Hey everybody. It’s been a while since we curated a book-list on the Curious Economist, and so we decided to take some time out to make an important list. It’s called 10 Economics Books You Must Read Before You Die. Sure, you needn’t read them all at once, but keep this list handy.
1 – The Wealth of Nations by Adam Smith
Adam Smith’s primer on economics offers a theoretical & historical case for free trade. His writing is influenced by prominent thinkers after him – from David Ricardo to Karl Marx. He emphasises the importance of the division of labor to economic progress and opposes the idea of mercantile monopolistic practices.
2 – The General Theory of Employment, Interest and Money by John Maynard Keynes
John Maynard Keynes work drastically altered the way economics was looked at in the modern world. In his most famous work, Keynes critiques the laissez-faire policies of his day, particularly the proposition that a normally functioning market economy would bring full employment.
3 – Freakonomics by Stephen J Dubner & Steve Levitt
The premise of Freakonomics is simple – If morality represents how we would like the world to work, then economics represents how it actually does work.
4 – Capitalism and Freedom by Milton Friedman
Milton Friedman and his views on Capitalism and the treats governments pose to individual freedom are the stuff of legends. In fact, his Q&A videos on YouTube are an absolute treat. Check his work out.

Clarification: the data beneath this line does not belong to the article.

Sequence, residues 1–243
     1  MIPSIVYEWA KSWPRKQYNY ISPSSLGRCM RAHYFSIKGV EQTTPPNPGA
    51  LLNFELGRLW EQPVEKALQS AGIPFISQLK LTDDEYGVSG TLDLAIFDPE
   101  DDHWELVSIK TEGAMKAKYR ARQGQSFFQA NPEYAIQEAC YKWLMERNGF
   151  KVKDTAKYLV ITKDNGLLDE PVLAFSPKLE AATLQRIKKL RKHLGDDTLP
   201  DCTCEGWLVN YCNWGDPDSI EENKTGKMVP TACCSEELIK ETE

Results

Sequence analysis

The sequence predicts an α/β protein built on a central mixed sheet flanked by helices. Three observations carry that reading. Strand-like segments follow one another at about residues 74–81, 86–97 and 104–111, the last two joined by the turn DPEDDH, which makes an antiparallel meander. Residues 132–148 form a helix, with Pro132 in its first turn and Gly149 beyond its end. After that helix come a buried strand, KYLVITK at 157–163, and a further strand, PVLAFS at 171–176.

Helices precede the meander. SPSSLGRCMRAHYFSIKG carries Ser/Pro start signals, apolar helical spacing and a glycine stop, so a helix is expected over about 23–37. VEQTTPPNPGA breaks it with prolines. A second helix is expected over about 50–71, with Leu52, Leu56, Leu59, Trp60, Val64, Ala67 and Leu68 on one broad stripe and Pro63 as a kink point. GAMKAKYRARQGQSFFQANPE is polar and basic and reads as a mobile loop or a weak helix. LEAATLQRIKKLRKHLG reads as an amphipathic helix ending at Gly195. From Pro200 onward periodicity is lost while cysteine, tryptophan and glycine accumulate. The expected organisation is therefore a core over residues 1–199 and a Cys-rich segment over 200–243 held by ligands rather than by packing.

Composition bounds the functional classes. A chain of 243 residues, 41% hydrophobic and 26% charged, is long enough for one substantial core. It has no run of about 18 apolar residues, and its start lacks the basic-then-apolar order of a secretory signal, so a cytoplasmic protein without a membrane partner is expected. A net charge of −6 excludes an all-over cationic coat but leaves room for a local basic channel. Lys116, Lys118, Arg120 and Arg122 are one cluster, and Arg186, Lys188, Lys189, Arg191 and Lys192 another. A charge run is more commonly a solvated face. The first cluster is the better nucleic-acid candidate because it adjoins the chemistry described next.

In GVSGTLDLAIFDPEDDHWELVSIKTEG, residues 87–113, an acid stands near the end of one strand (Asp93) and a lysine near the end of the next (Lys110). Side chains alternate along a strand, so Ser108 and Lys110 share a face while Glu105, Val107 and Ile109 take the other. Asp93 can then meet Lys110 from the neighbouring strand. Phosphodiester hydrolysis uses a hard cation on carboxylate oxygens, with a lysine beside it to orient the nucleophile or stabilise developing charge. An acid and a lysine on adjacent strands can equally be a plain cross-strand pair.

5 – Economics in One Lesson by Henry Hazlitt
This book is recommended for anyone interested in understanding the “free market” theory that government intervention in the markets, no matter how well meaning the intent, almost always leads to negative consequences down the road.
6 – Why Nations Fail by James A Robinson & Daron Acemoglu
Brilliant and engagingly written, Why Nations Fail answers the question that has stumped the experts for centuries: Why are some nations rich and others poor, divided by wealth and poverty, health and sickness, food and famine?
7 – The Armchair Economist by Steven Landsberg
This book is a wonderful little nugget for the noneconomist. It’s simple, easy-to-read and comprehend, and a great first book if you want to be inducted in to the big bad world of economics.
8 – Naked Economics by Charles Wheelan
9 – The Worldly Philosophers by Robert Heilbroner
Robert L. Heilbroner provides a new theme that connects thinkers as diverse as Adam Smith and Karl Marx – namely, the search to understand how a capitalist society works.
10 – Human Action by Ludwig von Mises
Consumers are not victims of capitalism, but kings of the market that exists only to provide things for which we, those consumers, are willing to pay. We end up paying for what we want and not having to pay for what we don’t want. This is what the Ludwig von Mises wishes to enunciate in this beautiful book.